Go back to 2008's World Series and you have to obviously talk about the $49 million dollar Rays, who were next to last. The Phillies spent $113 million -- where was the talk about the obvious disparity there?

The purists, with eyes agog at the spending of teams such as the Yankees and Red Sox cry unto heaven for a salary cap. There are two reasons why the owners refuse to implement one: First, it hampers the ability of owners to run their business as they see fit. Second, the small market teams (and those teams with bad management) are loathe to give up the revenue sharing money they get from the higher payroll teams.

If you're the owner of the Marlins, say, why give up all that money? If you did, you might have to field a better team consistently to turn a profit. What did the Marlins do after they won the World Series? Pocketed all the cash and dismantled the team, selling off their higher-priced talent.

In fact, when you look at the history of the Marlins and how badly they have been managed since then, you are rightfully surprised when they are in contention for the postseason; the amount of talent that they let get away since then due to cost is staggering. Meanwhile, the Yankees paid about 10% of their salary figure in a luxury tax in 2009; how much of that went into the pockets of the ownership of the Marlins?

Finally, here's the one question that none of those who decry the Yankees payroll can seem to answer: Since George Steinbrenner purchased the Yankees, they have won the World Series 7 times.

Who bought the other 20?

Now for some more basic points of interest:

The Yankees are criticized for buying their talent, with A-Rod's salary seeming to be so old and worn-out and used, that I'm surprised it's not Old English.

Here's the rub, though, haters: For the past 5 years, you guys claimed A-Rod was the reason we'd never win a championship.

Now? He's giving us an unfair advantage? Well...which one is it?

Our World Series MVP was a Yankee original. Our pitcher who closed out all 3 series was a farm-system boy. Jeter. Posada. Mariano. Don't go near those guys, because you know they're our core 4. And you also know they contributed mightily to this season's success.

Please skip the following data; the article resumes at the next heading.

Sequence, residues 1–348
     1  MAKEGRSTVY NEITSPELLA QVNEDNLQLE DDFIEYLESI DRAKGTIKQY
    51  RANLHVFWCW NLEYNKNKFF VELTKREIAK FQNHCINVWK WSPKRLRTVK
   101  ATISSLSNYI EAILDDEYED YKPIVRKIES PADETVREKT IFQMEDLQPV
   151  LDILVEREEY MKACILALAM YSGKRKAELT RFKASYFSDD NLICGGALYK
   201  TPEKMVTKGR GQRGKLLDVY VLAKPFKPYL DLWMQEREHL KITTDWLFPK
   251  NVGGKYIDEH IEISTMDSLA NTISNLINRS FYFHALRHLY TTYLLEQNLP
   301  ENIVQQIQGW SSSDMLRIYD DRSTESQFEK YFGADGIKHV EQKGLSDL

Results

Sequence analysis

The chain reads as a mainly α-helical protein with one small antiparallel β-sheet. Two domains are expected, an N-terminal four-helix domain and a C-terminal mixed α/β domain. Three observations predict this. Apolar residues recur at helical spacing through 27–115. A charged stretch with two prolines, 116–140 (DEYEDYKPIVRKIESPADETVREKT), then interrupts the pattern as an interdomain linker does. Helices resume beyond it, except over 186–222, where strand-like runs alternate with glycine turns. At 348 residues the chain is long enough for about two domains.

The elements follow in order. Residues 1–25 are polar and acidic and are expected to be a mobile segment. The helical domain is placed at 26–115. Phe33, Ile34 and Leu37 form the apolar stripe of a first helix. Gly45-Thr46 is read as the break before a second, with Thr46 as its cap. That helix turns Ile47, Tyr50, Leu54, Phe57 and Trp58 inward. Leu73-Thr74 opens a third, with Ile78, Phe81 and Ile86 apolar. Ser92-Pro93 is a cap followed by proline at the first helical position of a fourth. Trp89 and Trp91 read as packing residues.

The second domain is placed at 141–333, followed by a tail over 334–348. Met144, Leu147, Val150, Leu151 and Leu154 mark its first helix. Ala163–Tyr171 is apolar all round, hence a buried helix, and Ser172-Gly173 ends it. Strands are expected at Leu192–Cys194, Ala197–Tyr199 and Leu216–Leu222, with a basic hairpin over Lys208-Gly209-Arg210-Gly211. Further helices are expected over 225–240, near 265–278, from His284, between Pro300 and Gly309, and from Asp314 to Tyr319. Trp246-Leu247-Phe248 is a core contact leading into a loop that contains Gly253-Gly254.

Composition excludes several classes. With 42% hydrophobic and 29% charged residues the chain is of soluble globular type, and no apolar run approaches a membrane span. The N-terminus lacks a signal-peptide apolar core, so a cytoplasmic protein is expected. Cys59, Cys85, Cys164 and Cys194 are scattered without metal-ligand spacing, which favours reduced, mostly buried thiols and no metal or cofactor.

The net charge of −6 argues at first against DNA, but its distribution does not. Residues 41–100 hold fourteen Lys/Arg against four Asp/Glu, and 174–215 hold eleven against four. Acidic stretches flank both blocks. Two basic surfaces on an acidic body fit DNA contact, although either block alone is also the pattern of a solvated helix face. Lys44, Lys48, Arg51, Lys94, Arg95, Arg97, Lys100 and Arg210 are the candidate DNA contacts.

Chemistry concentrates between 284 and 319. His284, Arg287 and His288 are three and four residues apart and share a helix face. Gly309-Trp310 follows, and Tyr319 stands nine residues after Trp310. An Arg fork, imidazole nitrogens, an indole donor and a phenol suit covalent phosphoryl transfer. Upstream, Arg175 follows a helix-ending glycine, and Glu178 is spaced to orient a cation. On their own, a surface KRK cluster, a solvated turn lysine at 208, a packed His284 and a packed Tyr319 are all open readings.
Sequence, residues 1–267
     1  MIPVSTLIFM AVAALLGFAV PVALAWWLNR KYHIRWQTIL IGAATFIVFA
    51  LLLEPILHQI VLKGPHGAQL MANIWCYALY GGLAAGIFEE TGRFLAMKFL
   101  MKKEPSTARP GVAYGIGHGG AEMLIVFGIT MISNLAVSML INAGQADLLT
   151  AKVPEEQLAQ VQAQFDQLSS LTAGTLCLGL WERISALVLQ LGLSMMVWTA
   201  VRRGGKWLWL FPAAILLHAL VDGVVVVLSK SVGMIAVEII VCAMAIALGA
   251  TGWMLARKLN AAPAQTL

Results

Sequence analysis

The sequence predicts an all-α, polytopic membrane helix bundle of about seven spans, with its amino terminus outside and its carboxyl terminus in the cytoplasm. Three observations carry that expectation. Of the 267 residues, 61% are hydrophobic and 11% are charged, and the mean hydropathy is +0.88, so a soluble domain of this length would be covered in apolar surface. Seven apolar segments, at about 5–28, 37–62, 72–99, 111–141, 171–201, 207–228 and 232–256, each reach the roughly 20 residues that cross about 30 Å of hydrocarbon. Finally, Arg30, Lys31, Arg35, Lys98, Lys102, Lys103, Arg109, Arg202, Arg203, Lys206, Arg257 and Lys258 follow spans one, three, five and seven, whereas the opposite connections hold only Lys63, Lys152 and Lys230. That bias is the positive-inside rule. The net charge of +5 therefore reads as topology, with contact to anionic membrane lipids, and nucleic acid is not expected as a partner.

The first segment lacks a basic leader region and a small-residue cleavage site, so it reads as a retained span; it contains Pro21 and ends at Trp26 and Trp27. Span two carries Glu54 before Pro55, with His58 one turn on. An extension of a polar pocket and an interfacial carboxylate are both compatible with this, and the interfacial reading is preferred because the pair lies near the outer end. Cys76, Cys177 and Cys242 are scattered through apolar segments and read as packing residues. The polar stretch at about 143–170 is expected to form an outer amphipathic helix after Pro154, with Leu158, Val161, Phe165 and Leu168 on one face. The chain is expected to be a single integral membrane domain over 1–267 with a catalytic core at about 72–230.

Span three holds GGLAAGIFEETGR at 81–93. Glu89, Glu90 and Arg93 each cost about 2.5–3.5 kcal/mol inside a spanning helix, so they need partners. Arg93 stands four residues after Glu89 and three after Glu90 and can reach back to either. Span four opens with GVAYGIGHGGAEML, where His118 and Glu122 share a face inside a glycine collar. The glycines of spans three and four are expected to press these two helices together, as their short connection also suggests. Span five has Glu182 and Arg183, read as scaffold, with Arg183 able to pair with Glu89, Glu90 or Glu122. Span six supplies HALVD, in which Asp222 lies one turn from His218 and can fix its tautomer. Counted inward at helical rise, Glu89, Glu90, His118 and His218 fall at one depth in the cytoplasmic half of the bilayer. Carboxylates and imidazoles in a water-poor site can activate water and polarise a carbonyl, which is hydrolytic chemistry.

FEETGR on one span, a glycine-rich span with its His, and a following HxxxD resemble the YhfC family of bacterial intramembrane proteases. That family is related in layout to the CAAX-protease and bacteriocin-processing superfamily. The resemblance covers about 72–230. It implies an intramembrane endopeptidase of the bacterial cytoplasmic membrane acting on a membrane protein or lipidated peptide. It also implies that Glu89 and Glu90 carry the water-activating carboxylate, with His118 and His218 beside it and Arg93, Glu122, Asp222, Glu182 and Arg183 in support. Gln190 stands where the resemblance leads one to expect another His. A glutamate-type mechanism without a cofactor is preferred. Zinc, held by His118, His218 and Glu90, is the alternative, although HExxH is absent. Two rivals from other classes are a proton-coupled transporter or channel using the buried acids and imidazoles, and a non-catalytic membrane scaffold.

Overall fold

As for our store bought much laughing did the rest of the world do when we signed Swisher?

And, Boston, you could have had Tex if you spent as much time considering his value as you do considering your Twitter activity.

Cano, Melky, Gardner, Cervelli, Ramiro Pena...all farm. All single-handedly won games for the Yanks at some point during the season.

Our no-name bullpen? Joba, Hughes, Coke, Robertson. Became the best in the league thanks to Girardi's insane micromanaging.

So when you talk about "buying" our team, I'm assuming you mean CC and Burnett. Two guys whose combined game appearances make up less than half of the total number of games.

The Yankees won because they had chemistry this year. They looked and played like a championship team, so much so that anyone who followed them knew from early on that this team was going to be the one to go all the way.

So when you speak of the Yankees, speak of them as they are...

"Speak of me as I am; nothing extenuate,
Nor set down aught in malice: then, must you speak
Of one that [played] not wisely but too well."
--Shakespeare, "Othello"

Speak of them as champions.